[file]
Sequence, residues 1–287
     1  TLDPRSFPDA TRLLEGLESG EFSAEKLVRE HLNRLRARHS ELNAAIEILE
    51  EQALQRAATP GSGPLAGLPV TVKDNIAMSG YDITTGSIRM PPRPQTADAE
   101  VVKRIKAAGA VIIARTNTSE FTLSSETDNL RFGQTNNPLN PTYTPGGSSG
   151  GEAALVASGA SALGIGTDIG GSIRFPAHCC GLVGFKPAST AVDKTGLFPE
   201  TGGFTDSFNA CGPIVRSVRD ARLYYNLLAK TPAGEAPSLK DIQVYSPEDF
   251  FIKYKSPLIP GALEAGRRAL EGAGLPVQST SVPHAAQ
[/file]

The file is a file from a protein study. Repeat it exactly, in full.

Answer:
Sequence, residues 1–287
     1  TLDPRSFPDA TRLLEGLESG EFSAEKLVRE HLNRLRARHS ELNAAIEILE
    51  EQALQRAATP GSGPLAGLPV TVKDNIAMSG YDITTGSIRM PPRPQTADAE
   101  VVKRIKAAGA VIIARTNTSE FTLSSETDNL RFGQTNNPLN PTYTPGGSSG
   151  GEAALVASGA SALGIGTDIG GSIRFPAHCC GLVGFKPAST AVDKTGLFPE
   201  TGGFTDSFNA CGPIVRSVRD ARLYYNLLAK TPAGEAPSLK DIQVYSPEDF
   251  FIKYKSPLIP GALEAGRRAL EGAGLPVQST SVPHAAQ